Just how much can you get out of a small, everyday-looking camera priced under $1,000?
Apparently, a lot.
Many of us already know that Blackmagic Design crafts cameras that produce gorgeous, cinematic footage. The Australian company only recently entered the camera market (in 2012), but among indie filmmakers, documentary producers, and others who have an interest in high quality, low cost videography, Blackmagic is virtually synonymous with Godly.
The latest examples come from a small film called Avengers: Age of Ultron.
In an email today (from the marketing team out of Fremont) Blackmagic says that the 2nd unit extensively used the Blackmagic Pocket Cinema Camera to shoot stunt and battle sequences. Remember, this is a camera that costs under $1,000. Typical ‘A’ cams on bigger productions are almost always shot on, the daddy, the Alexa, and cost north of six figures. Or, in many cases on RED. Here’s a few of the quotes that came along with the news.
Cinematographer Ben Davis (Guardians of the Galaxy):
“I was a big fan of what Anthony Dodd-Mantle had achieved on “Rush” using small camera platforms, especially when it came to mounting them in unusual places and the shots he was able to achieve,” he reveals. “I decided to get a Pocket Cinema Camera in for testing after bumping into DIT friend of mine who’d recently purchased a one, and was raving about it. For me, it was a no-brainer really, it was all about the latitude and size. Suddenly I had a small camera which not only output a 12-bit RAW image, but it also had a latitude that was getting up to and around the level of high end digital cinema film cameras.”
In total 8 BMPCCs were used, either, as he notes, with a 14mm pancake lens, or a 12-35mm zoom (the Panasonic I wonder?).
It’s one thing to shoot your $20,000 Sundance indie on Blackmagic, but to have a major Hollywood blockbuster heavily use it is strong testimony.
“When I got the Pocket Cinema Cameras in I thought they would be a nice to have, however I ended up using these far more than I ever thought we would,” concludes Ben. “The appealing thing about this camera is its size to quality ratio. The footage is usable for a much longer cut time than previous incarnations of small camera platforms and so the camera does in fact become far more useful.”
Blackmagic is having a strong year, at least from a product perspective (they’re privately held, so we can’t speak to their financials). Earlier at NAB (the marquee trade show for video/broadcast professionals) they announced the URSA Mini cinema camera. Starting at only $2,995, the camera could disrupt the market, thanks to features such as high bitrate 4K resolution, Prores codec support, and a portable, ergonomic design. A drone-friendly camera dubbed the “micro” was also teased at NAB, to much (much) interest.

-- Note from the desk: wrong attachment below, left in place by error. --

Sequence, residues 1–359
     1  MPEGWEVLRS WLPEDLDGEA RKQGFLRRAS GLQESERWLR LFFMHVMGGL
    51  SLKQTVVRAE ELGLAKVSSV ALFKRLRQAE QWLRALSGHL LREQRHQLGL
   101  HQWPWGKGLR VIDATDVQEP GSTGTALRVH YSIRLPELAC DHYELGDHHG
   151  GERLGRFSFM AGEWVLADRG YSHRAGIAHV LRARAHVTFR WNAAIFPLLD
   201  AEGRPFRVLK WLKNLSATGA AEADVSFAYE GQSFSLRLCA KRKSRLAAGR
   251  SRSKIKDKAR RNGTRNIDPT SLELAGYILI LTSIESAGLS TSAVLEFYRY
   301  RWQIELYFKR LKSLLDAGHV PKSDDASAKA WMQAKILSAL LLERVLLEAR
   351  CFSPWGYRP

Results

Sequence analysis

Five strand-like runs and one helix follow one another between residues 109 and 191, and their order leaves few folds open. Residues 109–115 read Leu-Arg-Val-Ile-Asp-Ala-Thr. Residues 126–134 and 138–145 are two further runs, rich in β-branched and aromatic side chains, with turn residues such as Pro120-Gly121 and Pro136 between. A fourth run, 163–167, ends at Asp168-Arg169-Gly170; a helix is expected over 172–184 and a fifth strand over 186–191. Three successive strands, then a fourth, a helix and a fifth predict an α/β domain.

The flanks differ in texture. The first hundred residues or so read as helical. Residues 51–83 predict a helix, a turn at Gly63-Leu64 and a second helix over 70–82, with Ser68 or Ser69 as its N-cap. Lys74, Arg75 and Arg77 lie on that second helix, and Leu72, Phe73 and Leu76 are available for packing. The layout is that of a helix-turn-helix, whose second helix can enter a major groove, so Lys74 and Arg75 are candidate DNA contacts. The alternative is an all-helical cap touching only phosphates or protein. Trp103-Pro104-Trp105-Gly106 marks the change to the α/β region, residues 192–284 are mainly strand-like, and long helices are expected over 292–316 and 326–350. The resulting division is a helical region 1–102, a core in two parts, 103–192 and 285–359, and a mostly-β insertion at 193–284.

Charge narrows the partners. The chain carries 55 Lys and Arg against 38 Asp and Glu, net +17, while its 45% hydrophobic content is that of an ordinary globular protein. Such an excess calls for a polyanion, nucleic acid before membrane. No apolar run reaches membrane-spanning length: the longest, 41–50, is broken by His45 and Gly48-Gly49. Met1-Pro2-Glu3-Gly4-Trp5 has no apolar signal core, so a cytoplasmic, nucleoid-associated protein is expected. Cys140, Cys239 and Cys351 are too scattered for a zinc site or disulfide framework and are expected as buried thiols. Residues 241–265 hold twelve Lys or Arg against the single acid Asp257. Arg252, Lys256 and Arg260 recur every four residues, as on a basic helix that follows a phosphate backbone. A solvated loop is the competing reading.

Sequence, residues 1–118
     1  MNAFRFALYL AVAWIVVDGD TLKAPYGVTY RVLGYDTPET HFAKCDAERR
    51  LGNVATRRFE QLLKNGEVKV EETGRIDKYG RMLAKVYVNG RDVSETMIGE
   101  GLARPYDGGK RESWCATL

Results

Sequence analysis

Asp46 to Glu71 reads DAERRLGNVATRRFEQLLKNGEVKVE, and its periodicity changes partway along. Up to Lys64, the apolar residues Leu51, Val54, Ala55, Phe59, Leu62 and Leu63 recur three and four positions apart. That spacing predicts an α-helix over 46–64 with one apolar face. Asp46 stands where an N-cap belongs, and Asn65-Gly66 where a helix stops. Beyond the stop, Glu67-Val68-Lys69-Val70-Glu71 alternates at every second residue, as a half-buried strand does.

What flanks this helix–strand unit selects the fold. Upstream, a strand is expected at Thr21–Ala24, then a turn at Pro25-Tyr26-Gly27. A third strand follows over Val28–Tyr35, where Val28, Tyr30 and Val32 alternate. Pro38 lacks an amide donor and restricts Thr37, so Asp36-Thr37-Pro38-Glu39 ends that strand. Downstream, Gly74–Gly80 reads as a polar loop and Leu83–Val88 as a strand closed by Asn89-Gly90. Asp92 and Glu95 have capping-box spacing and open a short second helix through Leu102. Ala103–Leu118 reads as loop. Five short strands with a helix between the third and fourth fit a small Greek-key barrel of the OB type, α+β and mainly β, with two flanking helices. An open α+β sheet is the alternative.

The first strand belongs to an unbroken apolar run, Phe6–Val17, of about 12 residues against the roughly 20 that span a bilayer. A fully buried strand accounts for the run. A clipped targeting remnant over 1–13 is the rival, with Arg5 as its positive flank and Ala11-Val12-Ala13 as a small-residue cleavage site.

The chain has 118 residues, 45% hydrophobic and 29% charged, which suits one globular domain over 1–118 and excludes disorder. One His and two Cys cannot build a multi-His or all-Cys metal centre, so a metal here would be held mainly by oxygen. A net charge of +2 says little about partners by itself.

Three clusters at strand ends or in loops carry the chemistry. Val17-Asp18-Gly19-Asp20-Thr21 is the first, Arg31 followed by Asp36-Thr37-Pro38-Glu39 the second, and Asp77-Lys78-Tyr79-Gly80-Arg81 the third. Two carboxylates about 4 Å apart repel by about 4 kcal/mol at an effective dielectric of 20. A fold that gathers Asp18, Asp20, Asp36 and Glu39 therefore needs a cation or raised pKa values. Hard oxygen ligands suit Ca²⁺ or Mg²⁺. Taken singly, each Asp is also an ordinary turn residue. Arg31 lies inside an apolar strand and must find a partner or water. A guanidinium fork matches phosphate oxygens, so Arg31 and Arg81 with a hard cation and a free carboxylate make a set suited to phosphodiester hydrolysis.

I’ve been shooting videos for Stark Insider since 2009 on Canon DSLRs (T2i -> 60D -> 70D) and this year we’ve made the decision to finally step up to Super 35. The short-list originally included the proven Canon C100, and then the new hotshot Sony FS7 that has everyone raving. But then Blackmagic went and threw a wrench into things with the URSA Mini — you can get a cinematic look, combined with a form-factor suited for run-and-gun, which we do a lot of around here for music festivals, theater shoots, and at various events in and around San Francisco. Rigged out properly with media, batteries, shoulder mount and other bits, the URSA Mini will ultimately come in around $10,000 (USD), but that’s still absolutely astounding bang-for-the-buck. Just like its baby brother, the Pocket Cinema Camera, that is finding itself in the spotlight in a big way, thanks to some quality time on the set of Avengers.
Age of Ultron, starring Robert Downey Jr. as Tony Stark, was released theatrically earlier this month, and has a respectable Metacritic score of 66.
You can get the Blackmagic Pocket Cinema Camera for only $847 (crazy!) right now on Amazon. Note: this is most definitely not a point-and-shoot camera, despite its demure appearance. If you know about shooting log, color grading, pulling focus, etc. then click away (and chances are, you probably already own one or two BMD cameras).